In the long term how do you think that that's going to do when there's no skin in the game, and it's all about volume. It's not going to do well. Secondly, a lot of publishing businesses are about rotating from hot sectors because they're in the business of selling subscriptions, newsletters. I do this to publish to get access to deal flow. Like because I've published all this material, this deal that I'm doing now. These guys approached me a year ago and it's about getting access to deal flow that I don't get to maybe meet these guys because they're on the other side of the world in Australia or wherever. And in today's world you publish or perish. So they know that I'm willing to write a big check and play in a big way. I made the alligators may or may not show up. But if they show up, they get treated the same as me at the same time at the same price, and there's no fees. So it's a total advantage for everyone.

It's gotten to the point where the biggest players at the brokerage firms are bypassing their own rules to participate in the financings that we structure. Individuals that you've had on your podcast play in big ways because for them, there's a rule for brokers. They have to give their clients deals first if it's brokered, and then they can't even get in their own deals. So a lot of the big deals, the good juicy ones are done non-brokered by the brokers so they can do it themselves. I know it sounds screwed up. But that's how it goes. And think about it even if you're a publisher or not a publisher. If it was so good, and you believed in it, wouldn't you put your own money in before you tell anyone else? It's such a simple strategy that it blows my mind that more people don't focus on this.

Erik:    Well, I feel like we're missing something here Marin, because if you look at the hedge fund industry, it is very, very standard. You got to eat your own cookie. The fund manager who has not invested a very significant percentage of his own personal net worth into his own fund, so that his money is at risk. That guy doesn't get taken seriously. And you have to be willing to make that investment in order to have that job. I don't know anyone. I hope there is someone other than you who structures it this way. But as far as I know, the capital introduction industry. I don't mean just in precious metals, I mean for everything, for software, for whatever. It's entirely about middlemen who don't have skin in the game hooking deals up and sometimes they hook up some really good deals. They are some capital introduction brokers who only work with very well heeled people who do amazing things.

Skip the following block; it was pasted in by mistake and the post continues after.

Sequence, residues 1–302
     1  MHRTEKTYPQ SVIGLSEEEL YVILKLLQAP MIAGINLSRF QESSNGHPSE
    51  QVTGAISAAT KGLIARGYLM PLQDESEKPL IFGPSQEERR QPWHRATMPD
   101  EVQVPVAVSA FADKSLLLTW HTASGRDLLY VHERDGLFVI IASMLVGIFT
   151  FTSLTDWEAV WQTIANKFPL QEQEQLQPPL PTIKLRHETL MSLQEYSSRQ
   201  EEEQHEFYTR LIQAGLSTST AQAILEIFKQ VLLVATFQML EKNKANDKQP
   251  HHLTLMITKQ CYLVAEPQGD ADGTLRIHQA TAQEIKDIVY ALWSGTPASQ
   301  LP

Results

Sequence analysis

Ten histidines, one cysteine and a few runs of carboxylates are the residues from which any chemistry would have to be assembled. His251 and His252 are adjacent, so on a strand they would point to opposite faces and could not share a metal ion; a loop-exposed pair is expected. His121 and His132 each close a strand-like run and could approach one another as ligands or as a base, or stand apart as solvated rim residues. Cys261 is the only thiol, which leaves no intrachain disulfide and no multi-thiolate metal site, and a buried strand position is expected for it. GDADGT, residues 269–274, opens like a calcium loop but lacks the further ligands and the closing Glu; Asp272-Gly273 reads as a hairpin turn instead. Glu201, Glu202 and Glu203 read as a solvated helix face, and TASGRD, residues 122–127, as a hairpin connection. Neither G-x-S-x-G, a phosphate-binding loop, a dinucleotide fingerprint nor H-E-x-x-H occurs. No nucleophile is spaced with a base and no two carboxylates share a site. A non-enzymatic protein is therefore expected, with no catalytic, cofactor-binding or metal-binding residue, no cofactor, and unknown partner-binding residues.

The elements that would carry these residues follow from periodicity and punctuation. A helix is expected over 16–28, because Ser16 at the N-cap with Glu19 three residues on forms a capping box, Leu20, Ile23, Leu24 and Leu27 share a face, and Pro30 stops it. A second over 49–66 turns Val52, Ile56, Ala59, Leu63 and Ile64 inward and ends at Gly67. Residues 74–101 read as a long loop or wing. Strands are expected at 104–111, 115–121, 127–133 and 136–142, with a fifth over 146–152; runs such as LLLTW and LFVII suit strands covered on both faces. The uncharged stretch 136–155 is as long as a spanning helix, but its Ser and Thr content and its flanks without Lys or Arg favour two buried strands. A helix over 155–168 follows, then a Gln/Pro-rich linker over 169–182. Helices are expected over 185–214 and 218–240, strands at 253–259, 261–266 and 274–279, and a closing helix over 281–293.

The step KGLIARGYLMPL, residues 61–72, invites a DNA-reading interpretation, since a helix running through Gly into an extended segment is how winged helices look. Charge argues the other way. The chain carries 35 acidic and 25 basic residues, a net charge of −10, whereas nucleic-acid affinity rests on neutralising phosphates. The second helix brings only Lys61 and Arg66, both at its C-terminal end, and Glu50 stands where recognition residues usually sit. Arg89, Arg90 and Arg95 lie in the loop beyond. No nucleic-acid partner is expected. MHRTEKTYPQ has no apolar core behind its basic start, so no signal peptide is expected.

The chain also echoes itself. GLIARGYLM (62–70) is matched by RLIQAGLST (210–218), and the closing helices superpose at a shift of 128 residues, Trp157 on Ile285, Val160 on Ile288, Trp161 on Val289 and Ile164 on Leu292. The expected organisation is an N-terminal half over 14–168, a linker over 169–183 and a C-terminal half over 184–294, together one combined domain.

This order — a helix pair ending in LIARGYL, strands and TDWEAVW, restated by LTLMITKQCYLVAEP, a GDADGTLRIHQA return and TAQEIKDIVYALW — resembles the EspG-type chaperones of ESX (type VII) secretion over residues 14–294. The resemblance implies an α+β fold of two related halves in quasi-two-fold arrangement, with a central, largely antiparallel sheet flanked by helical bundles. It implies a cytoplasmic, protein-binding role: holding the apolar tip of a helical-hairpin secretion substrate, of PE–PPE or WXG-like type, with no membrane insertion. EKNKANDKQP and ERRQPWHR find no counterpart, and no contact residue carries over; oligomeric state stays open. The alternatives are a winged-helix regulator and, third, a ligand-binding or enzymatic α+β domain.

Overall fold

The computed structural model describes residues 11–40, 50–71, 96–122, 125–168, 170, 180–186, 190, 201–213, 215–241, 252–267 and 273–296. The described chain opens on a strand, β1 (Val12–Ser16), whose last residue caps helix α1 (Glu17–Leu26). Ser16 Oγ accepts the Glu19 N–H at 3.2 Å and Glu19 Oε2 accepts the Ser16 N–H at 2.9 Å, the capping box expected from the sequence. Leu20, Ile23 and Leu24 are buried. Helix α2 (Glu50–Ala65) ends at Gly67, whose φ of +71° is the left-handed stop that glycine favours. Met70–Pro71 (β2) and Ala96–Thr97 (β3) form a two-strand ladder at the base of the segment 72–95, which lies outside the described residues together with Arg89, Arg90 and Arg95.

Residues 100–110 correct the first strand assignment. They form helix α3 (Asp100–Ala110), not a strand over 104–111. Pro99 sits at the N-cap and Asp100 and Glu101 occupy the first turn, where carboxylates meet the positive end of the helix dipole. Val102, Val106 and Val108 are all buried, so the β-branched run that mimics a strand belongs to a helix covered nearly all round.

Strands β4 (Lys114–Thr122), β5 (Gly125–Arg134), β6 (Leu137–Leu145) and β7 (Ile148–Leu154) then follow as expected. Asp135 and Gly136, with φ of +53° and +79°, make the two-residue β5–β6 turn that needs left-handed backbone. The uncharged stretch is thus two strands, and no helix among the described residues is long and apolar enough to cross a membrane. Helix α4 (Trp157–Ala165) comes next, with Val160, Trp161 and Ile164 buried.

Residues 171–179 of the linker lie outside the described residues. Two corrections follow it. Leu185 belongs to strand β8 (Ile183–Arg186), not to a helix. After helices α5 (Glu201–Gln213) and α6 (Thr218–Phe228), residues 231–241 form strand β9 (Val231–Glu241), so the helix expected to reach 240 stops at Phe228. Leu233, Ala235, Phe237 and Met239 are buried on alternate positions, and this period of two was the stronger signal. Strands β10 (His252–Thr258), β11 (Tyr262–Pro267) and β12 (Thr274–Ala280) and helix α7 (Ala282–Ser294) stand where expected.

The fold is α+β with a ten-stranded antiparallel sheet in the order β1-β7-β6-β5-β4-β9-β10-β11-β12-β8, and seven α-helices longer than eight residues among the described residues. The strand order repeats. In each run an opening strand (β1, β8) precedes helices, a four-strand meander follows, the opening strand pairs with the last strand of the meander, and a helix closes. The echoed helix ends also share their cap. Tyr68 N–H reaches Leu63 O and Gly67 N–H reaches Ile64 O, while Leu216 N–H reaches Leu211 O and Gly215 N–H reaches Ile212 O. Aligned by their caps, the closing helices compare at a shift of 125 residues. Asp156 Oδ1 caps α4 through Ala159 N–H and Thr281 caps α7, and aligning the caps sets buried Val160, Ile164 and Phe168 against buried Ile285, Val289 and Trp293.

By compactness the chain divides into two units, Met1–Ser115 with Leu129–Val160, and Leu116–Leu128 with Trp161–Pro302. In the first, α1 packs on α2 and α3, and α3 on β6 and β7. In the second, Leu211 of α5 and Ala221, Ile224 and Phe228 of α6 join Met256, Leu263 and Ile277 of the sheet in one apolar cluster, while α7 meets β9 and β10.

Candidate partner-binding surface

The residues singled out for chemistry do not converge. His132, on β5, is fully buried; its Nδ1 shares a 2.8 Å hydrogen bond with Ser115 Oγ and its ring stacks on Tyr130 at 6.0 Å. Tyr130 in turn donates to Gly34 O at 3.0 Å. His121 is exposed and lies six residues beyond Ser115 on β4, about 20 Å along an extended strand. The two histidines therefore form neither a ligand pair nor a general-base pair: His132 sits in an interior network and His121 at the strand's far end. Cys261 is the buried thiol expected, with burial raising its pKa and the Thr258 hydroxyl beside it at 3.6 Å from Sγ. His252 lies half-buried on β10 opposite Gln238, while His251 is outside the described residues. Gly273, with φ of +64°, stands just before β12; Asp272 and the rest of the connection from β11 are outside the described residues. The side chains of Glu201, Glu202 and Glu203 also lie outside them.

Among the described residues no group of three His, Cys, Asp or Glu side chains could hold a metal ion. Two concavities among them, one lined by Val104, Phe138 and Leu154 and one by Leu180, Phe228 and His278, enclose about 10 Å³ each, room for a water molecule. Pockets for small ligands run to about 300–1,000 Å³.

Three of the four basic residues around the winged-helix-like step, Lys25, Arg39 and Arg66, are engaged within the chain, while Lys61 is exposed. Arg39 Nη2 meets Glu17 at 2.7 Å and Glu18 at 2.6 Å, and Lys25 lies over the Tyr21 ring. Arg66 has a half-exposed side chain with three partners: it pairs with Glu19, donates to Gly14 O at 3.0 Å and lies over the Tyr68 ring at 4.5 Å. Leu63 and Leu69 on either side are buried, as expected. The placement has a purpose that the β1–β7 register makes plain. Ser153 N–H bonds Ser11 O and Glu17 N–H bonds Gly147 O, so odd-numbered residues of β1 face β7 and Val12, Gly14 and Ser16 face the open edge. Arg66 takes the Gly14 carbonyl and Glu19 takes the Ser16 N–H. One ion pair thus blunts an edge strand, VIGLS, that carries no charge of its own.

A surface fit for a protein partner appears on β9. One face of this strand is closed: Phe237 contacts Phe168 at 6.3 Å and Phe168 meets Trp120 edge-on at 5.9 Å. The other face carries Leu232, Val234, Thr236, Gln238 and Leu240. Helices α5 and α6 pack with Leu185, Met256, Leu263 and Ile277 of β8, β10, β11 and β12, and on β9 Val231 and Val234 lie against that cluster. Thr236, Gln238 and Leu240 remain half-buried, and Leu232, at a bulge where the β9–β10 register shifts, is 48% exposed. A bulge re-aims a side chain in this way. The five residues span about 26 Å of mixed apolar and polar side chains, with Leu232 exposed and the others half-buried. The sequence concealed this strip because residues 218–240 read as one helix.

But it seems to me that just as the hedge fund industry has learned that there's no substitute for skin in the game, what a benefit it is to me as an investor Marin that I can invest in one of your deals, and I can reduce the amount of my time and energy that is necessary for due diligence by whatever amount of trust I'm willing to put in the fact that I know you're going to lose more than I am, if we lose. And frankly, that goes a long way with me. It saves me a lot of time and energy. I would like to invest in a whole bunch of decentralized finance software deals in the same structure that I get somebody who I think knows more about that industry than I do, who wants to tell me what their deals are. And I'll pay them a fee in order to do what they're doing. Because I don't have time to research it myself. I don't know where to find that. I know where to find an army of Cap Intro salesmen who want to introduce me into the next complete total pain in the ass waste of time DeFi idiot scheme, that none of them have any idea what they're doing. Because it's just, you know, life's too short to spend trying to find those gems. So why doesn't the entire capital introduction industry, why doesn't the buy side just insist on only dealing with people who have skin in the game? I don't get it.


Marin:   Well look, I think a lot of it comes down to just volume. You know, if you're a broker, you can't survive. If you're an investment bank, take any of them. I don't care which one. I'm agnostic. To me, they're all the same. You can't survive if you're doing two or three deals a year. I can Erik, to me it's irrelevant. I put my time in. I have a whole staff, geologists, engineers that I pay for, but I position myself that, you know, I take a big swing personally on these after it meets my criteria. There's guys that you know and admire in the mining world that I've done the due diligence on their projects, gone to site, sign CA's, and I passed on the deal and I don't talk about it, right? No big deal. But there's so many deals that I go through and find something like fluorine and the concentrate that I know the smelters are going to do a massive discount on that no analyst is picked up. For example, in my book I have a chapter about wait a second. I have not read a single research report in the world and the resources where any analysts, and the NPV, and the future cash flow valuations has incorporated the future carbon cost that is coming and it's going to be put onto their balance sheet as a liability.